A conviction of a railroad-highway grade offense will result in the automatic disqualification of your privilege to operate a CMV if the offense occured while operating a commercial vehicle. The length of the disqualification is 60 days for the 1st offense, 120 days for the 2nd offense withing a 3 year period and 1 year for a 3rd or subsequent offense. The following chart lists the various railroad-highway grade crossing offenses.

Railroad-Highway Grade Crossing Offenses

Federal Description​ ​ PA Code Section Vehicle Type​
The driver is not required to always stop, but fails to slow down and check that tracks are clear of an approaching train.​ ​3342(g) ​CMV
The driver is not required to stop, but fails to stop before reaching the crossing, if the tracks are not clear.​ ​3342(g) ​CMV
The driver is always required to stop, but fails to stop before driving onto the crossing.​ ​3342(a)     3342(e) ​CMV
​The driver fails to have sufficient space to drive completely through the crossing without stopping. ​3341(b)(2)     3342(b) ​CMV
The driver fails to obey a traffic control device or the direction of an enforcement official at the crossing.​ ​3341(a)
The driver fails to negotiate a crossing because of insufficient undercarriage clearance.​ ​3343(a)
8. What is the disqualification period for violating an out-of-service order?
This is a tiered disqualification period. If a driver is convicted of violating an out-of-service order while transporting non-hazardous materials, 1st offense - 1 year, 2nd or subsequent offense in a ten year period - 3 years. If a driver is transporting hazardous materials or operating a vehicle designed to transport 16 or more passengers, including the driver, 1st offense - 2 years, 2nd or subsequent offense in a ten year period - 5 years.

9. What is an imminent hazard?
The Federal definition of an imminent hazard is the existence of a condition that presents a substantial likelihood that death, serious illness, severe personal injury, or a substantial endangerment to health, property, or the environment may occur before the reasonably foreseeable completion date of a formal proceeding begun to lessen the risk of that death, illness, injury or endangerment.

10. Who determines an imminent hazard?
The Assistant Administrator or his/her designee from the Federal Motor Carrier Safety Administration (FMCSA).

11. What is the length of disqualification imposed if a CDL holder is determined to be an imminent hazard?
The period of disqualification should not exceed 30 days. However, the disqualification remains in effect until PennDOT is notified by the FMCSA Assistant Administrator of his/her designee.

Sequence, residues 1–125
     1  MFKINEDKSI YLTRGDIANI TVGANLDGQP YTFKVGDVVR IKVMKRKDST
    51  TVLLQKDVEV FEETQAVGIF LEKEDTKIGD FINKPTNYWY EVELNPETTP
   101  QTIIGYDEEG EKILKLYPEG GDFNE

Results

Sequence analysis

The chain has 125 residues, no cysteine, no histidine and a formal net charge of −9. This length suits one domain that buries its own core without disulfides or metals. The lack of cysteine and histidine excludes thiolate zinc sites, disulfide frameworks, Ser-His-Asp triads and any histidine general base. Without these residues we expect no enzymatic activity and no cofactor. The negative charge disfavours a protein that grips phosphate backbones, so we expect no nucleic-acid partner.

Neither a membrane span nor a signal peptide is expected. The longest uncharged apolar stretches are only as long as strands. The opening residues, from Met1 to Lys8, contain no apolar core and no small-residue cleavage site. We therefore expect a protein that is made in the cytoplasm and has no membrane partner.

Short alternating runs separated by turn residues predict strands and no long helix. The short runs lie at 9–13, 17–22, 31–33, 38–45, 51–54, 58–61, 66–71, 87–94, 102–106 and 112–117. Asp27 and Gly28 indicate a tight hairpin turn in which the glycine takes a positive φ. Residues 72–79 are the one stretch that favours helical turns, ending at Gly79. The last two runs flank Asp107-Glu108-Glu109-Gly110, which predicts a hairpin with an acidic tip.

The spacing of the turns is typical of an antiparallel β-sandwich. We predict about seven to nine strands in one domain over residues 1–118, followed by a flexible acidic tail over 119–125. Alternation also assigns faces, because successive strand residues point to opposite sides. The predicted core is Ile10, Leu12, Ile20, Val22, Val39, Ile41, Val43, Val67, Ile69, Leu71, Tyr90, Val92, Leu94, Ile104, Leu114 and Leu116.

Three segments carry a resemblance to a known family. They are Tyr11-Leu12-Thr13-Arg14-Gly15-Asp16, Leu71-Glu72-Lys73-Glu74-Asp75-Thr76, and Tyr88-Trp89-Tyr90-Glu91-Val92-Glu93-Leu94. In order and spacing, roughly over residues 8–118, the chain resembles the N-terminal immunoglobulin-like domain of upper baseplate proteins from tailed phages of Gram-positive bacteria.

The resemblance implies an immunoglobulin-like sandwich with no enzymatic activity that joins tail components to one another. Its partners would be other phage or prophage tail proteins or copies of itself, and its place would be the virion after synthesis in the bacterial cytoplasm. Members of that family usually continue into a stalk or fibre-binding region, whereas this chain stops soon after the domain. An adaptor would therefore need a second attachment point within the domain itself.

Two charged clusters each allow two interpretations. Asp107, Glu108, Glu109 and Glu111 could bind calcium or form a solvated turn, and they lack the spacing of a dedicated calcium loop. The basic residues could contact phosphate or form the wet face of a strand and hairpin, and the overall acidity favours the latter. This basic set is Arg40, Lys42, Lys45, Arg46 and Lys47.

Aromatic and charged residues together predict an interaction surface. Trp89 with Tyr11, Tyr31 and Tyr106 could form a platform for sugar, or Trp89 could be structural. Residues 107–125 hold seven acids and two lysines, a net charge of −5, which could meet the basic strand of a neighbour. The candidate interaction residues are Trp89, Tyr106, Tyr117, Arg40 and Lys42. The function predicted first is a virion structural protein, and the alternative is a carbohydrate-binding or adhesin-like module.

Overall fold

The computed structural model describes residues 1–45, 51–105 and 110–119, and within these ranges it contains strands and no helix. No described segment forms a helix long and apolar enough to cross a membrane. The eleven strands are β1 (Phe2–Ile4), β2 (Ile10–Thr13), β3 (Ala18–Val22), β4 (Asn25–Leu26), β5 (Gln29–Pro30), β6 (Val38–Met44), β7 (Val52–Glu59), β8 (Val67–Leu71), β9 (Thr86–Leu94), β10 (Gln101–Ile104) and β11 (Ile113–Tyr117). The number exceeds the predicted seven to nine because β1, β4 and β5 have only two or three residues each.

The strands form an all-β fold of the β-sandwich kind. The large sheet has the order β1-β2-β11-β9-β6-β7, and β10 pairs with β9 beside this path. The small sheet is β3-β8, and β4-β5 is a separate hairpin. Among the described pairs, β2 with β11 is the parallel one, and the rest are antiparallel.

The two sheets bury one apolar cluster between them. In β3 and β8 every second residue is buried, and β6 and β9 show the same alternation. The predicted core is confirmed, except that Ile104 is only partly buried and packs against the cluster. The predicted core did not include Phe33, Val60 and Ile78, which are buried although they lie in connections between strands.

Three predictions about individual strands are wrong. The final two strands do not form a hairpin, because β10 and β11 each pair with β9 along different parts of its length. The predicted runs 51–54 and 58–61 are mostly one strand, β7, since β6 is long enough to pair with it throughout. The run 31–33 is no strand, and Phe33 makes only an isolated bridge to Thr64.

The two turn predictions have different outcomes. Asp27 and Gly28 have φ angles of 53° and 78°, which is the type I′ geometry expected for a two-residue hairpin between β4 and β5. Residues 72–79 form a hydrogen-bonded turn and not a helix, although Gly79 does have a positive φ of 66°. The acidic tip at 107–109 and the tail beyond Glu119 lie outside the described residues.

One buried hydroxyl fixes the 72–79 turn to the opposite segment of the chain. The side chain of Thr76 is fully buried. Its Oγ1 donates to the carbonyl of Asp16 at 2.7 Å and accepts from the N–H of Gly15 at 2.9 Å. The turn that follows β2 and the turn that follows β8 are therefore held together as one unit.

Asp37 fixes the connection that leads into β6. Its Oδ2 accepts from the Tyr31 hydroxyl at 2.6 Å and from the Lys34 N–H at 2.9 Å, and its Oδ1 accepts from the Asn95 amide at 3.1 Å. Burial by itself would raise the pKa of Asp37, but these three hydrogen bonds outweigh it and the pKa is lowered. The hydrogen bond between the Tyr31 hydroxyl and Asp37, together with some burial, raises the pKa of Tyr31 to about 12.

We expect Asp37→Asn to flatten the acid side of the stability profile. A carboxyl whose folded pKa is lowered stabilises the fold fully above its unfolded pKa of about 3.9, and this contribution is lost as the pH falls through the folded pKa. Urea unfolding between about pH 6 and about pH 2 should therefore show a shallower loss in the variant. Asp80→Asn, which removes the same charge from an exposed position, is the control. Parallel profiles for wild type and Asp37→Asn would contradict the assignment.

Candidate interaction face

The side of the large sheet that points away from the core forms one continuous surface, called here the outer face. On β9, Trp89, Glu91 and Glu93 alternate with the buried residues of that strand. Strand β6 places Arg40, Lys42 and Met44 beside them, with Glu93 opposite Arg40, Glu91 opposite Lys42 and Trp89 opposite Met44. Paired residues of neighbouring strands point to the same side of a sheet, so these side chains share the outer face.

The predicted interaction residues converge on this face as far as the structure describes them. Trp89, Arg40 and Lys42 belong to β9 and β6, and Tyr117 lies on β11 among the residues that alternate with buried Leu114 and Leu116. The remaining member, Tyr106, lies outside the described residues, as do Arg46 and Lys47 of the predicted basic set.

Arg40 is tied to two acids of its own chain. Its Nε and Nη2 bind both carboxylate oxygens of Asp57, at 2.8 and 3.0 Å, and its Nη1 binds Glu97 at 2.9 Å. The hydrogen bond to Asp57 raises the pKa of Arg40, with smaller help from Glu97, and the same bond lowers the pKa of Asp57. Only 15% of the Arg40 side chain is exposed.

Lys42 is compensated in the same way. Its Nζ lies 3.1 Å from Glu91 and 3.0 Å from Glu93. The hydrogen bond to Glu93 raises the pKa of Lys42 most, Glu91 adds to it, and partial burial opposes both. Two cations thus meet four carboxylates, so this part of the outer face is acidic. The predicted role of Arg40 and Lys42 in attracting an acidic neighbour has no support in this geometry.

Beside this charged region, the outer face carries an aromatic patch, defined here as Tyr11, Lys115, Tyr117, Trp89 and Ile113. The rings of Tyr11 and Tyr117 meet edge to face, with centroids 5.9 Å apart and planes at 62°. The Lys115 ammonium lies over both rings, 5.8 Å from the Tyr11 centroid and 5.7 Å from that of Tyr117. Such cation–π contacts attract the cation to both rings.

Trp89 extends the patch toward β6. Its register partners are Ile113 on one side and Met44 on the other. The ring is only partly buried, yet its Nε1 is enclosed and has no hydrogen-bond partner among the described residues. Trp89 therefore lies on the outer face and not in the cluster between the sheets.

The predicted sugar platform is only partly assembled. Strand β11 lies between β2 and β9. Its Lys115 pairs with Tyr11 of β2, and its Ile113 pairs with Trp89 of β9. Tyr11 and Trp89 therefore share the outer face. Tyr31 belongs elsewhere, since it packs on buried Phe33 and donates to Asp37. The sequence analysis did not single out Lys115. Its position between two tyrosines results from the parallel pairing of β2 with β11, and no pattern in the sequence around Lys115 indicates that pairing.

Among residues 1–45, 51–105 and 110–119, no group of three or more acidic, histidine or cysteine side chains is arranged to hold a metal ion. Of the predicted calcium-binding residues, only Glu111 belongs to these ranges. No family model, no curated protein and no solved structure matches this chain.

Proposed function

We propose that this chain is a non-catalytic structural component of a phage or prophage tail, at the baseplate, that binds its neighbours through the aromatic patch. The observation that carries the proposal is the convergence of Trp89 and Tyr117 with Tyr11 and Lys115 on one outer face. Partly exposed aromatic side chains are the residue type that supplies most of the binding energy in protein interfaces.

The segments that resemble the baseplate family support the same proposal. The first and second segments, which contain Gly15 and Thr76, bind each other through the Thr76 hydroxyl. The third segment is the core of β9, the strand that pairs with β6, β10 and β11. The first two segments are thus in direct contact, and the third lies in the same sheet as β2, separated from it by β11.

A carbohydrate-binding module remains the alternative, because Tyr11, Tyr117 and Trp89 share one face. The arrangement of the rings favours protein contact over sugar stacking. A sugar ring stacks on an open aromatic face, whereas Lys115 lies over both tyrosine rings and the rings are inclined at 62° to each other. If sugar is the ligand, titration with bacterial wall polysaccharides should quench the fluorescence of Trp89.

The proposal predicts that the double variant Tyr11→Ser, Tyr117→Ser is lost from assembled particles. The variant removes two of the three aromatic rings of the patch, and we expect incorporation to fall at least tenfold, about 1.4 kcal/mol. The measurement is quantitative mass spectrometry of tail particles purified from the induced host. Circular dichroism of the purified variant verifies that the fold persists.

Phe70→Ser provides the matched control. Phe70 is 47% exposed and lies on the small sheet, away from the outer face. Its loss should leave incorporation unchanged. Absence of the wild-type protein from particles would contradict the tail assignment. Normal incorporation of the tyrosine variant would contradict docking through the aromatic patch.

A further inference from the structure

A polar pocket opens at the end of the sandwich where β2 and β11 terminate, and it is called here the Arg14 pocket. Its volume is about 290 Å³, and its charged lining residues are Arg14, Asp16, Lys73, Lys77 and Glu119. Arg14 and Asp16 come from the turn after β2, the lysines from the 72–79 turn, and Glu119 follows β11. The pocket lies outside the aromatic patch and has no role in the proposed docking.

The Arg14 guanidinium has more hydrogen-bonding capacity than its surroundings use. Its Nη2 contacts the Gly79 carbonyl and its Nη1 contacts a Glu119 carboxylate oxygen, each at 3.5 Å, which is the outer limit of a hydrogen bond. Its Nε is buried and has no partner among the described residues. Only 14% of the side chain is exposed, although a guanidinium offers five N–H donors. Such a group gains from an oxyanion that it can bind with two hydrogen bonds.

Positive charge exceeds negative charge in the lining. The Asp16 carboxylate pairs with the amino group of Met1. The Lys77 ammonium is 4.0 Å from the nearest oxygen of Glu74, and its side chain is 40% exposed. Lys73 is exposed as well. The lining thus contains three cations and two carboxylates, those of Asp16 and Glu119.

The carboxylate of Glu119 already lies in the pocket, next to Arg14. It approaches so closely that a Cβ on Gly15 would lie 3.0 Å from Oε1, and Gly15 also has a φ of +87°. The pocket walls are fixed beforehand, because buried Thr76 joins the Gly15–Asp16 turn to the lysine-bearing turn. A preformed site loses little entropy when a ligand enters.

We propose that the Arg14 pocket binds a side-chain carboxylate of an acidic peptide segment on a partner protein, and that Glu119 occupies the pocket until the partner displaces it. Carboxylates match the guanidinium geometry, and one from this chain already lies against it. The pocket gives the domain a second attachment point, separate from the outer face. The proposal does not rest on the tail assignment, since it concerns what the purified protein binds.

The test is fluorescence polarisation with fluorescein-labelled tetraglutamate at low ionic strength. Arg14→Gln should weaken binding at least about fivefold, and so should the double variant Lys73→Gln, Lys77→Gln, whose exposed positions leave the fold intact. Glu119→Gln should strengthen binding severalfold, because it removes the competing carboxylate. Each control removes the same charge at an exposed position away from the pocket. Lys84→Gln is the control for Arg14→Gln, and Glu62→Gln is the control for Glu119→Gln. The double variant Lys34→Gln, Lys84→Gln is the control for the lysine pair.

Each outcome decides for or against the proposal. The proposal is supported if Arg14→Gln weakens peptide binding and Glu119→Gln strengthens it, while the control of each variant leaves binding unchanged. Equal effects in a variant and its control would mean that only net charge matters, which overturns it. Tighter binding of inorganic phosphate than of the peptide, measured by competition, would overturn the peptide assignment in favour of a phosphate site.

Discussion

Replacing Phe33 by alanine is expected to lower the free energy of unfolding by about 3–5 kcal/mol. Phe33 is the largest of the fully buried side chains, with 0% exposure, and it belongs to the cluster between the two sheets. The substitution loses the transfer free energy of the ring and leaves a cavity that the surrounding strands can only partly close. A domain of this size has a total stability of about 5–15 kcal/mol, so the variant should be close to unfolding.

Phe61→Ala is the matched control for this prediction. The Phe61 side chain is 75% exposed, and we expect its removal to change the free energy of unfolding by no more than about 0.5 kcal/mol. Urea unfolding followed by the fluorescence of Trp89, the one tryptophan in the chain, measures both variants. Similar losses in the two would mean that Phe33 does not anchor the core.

12. Can an imminent hazard disqualification be appealed?
Yes. The appeal can be filed with the Assistant Administrator, Adjudications Counsel, Federal Motor Carrier Safety Administration (Room 8217), 400 Seventh Street, SW., Washington, DC 20590.

13. Do violations that occur out of state impact my Pennsylvania driving privilege?
Yes. Out-of-state violations are treated as if they occured in Pennsylvania.

14. Does the acceptance of Accelerated Rehabilitive Disposition (ARD) count towards disqualification?
Yes. ARD participation is considered a conviction for sanctioning of CDL holders.

15. Will an administrative per se suspension for a DUI arrest in another state affect my PA driving privilege?
Yes. CDL holders that receive an administrative per se suspension will have their commercial driving privilege disqualified.

16. Can a disqualified CDL driver operate a non-commercial vehicle?
Yes. If a driver holds a CDL license or permit and is only disqualified from operating a CMV, the person is eligible to apply for a noncommercial driver’s license to drive a non-commercial motor vehicle during the disqualification. An application to apply for a noncommercial license will be enclosed with the disqualification notice.

17. How do I get my CDL privilege restored?
In addition to serving the time required to the disqualification, you will have to pay a restoration fee to PennDOT before your CDL will be returned.

For more information, please feel free to visit the Driver Services section of our website.
P.O. Box 68618
Harrisburg, PA 17106-8618
Call PennDOT’s Customer Call Center at 1-800-932-4600. TTY callers — please dial 711 to reach us.
The Call Center hours of operation are Monday through Friday, 8 a.m. to 5 p.m.